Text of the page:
In accordance with a second approach encompassed by the principles of the present invention, the photoconductive material of the layer 16 (FIG. 1) is selected to have a spectral response such that its conductivity is substantially lowered by light from the stylus 21 but is substantially unaffected by light from the face of the display unit 51. Thus, for example, if the layer 16 is made of cadmium sulfide and if the frequencies of the light from the stylus and the phosphor coating are selected to be shorter than 500 angstroms (blue light) and longer than 500 angstroms (red light), respectively, the light from the display unit will not substantially lower the conductivity of the layer 16 but the stylus light will. In that case, of course, the aforedescribed sampling technique applied to signals appearing on the output line 48 need not be utilized.
As specified above, signals provided by the processing unit 52 of FIG. 3 are applied to the unit 51 to provide a local display of information defined in the assembly 50 by the light-spot-emitting stylus 21. These same signals may also be applied by the unit 52 to a link 58 for transmission to a remote location. At the remote location, another display unit such as, for example, a cathode-ray-tube unit 60 may be employed to provide a visual replica of the graphical representation defined by the stylus 21. Alternatively or concurrently, the signals transmitted to the remote location may be applied to a unit 62 for processing and/or storage.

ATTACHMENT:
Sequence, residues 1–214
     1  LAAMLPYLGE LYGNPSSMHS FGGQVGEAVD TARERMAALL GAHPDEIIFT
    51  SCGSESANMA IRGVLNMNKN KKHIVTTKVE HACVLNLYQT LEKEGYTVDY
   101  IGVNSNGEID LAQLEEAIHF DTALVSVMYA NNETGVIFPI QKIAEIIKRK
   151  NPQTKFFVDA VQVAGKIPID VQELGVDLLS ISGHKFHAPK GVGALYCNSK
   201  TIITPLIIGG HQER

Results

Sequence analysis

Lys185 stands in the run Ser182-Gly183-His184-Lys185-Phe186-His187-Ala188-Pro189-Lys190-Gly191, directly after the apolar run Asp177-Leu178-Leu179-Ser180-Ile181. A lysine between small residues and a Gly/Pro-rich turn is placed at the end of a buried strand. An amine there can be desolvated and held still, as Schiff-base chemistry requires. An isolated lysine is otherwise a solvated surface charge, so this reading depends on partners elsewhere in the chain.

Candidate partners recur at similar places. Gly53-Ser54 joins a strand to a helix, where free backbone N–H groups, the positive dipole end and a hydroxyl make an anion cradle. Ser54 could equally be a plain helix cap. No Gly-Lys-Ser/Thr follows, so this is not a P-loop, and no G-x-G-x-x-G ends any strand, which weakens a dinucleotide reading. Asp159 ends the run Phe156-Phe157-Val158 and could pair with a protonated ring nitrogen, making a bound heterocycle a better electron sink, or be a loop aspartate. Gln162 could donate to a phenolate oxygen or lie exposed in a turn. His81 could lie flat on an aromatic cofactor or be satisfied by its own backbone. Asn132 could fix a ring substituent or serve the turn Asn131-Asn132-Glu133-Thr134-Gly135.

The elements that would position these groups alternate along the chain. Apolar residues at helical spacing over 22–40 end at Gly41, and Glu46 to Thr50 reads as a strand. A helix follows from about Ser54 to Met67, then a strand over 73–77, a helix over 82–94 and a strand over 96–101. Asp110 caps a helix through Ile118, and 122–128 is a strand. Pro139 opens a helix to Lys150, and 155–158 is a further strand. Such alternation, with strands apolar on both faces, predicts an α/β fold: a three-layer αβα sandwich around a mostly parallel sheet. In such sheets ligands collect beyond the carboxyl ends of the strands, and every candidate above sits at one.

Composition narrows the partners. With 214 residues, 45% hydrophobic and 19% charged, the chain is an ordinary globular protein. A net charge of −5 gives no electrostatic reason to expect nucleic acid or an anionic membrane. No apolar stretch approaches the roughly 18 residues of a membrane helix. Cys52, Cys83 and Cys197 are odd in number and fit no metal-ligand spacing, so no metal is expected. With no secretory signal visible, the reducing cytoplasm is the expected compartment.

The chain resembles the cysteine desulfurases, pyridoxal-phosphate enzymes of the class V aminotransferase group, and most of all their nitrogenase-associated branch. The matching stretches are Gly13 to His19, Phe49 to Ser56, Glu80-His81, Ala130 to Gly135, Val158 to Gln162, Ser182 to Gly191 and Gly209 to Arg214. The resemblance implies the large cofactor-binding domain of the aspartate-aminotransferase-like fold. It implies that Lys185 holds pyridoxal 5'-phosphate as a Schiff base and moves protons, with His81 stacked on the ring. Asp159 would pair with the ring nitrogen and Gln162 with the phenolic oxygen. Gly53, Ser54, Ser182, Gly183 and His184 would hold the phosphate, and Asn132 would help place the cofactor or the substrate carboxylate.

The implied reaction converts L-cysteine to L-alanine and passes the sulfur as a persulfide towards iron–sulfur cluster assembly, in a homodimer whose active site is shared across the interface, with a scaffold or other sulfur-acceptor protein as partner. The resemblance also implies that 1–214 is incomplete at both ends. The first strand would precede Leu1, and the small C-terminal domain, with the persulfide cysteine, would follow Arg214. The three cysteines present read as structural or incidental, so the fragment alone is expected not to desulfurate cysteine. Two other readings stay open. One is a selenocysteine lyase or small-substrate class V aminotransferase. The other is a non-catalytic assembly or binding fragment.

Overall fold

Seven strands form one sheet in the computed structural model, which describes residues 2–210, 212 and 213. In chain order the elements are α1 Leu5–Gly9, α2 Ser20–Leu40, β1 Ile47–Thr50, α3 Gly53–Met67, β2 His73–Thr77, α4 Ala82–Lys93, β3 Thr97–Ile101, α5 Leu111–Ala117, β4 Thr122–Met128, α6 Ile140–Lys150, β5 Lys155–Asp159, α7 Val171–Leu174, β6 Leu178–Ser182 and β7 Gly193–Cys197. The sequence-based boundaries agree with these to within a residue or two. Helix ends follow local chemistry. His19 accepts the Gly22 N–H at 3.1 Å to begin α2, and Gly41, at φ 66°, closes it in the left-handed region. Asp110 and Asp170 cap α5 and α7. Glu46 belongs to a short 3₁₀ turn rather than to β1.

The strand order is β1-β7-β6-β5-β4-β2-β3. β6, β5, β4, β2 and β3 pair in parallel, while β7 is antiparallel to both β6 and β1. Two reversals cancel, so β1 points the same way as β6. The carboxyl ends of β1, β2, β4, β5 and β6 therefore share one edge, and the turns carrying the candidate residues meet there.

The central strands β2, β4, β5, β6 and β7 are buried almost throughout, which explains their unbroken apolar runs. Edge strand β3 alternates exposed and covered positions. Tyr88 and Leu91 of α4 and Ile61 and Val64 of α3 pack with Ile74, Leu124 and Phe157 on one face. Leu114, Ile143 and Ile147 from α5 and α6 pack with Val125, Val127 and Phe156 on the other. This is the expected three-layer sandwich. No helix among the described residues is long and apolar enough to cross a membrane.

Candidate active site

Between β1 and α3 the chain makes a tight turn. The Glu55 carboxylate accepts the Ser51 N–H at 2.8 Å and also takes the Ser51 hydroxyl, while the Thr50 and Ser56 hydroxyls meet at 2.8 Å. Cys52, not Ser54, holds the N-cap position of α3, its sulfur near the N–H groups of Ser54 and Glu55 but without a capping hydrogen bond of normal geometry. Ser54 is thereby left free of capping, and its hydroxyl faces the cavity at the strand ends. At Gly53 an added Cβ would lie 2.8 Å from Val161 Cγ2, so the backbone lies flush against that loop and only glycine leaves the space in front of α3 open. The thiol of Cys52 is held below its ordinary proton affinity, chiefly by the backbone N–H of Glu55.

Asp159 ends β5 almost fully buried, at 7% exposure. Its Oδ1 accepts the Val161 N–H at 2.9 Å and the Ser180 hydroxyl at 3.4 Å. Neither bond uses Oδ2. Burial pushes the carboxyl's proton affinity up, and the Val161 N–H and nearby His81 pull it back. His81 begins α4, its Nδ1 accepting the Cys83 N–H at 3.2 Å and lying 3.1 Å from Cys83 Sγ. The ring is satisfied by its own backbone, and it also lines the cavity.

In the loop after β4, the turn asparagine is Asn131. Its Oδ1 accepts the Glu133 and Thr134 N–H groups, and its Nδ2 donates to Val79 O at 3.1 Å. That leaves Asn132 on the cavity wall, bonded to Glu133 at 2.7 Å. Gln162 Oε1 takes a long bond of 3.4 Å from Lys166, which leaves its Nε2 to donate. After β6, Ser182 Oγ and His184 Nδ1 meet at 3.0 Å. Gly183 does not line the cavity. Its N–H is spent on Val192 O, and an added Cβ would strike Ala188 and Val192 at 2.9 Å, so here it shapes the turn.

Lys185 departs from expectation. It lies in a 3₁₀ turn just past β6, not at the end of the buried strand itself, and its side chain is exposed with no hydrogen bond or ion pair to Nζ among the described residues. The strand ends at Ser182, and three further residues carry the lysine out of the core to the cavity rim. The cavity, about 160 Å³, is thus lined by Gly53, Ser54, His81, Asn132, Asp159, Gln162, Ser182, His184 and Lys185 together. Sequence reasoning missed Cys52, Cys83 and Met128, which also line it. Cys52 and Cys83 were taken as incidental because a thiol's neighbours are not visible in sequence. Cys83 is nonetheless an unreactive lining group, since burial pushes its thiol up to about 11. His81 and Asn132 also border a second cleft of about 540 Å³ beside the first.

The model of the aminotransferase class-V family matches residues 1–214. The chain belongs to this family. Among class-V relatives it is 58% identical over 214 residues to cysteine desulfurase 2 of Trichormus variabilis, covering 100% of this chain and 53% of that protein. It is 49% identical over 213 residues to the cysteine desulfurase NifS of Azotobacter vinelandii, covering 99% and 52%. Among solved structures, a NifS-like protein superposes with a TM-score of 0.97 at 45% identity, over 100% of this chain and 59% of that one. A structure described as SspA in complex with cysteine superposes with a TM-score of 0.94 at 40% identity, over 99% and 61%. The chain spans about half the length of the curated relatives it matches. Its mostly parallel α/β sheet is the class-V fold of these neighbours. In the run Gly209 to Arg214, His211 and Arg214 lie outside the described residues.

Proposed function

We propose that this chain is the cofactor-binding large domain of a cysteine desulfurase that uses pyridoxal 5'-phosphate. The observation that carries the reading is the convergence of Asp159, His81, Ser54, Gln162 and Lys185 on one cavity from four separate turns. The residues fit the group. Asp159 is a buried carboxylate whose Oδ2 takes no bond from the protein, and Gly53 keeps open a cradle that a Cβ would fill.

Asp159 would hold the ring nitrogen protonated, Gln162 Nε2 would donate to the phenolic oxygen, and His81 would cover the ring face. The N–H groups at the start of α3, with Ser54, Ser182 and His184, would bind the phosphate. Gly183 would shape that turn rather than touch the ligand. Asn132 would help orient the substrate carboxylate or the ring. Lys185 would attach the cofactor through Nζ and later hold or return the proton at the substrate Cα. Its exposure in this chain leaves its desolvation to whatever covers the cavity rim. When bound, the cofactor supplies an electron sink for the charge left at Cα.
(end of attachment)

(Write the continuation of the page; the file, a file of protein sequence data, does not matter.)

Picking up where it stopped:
In FIG. 4, a transparent transducer device 10 made in accordance with the principles of this invention is shown positioned in close proximity to the face of display unit 51. In the particular manner described in detail earlier above, the past trajectory 64 of the light spot emitted by the stylus 21 is visually displayed on the unit 51 for viewing by an operator of the device. Spot 66 marks the present position of the stylus 21.
Finally, it is to be understood that the above-described arrangements are only illustrative of the principles of the present invention. In accordance with those principles, numerous modifications and alternatives may be devised by those skilled in the art without departing from the spirit and scope of the invention. For example, the processing unit 52 of FIG. 3 may be adapted to apply signals to the display unit 51 that are substitutes for or in addition to the aforespecified replica signals. Thus, for instance, if a signature is written into the assembly 50 by an operator utilizing the stylus 21, the unit 52 can be programmed to compare the written signature with a list of authorized signatures and in response to the comparison to provide an indication thereof on the face of the display unit 51.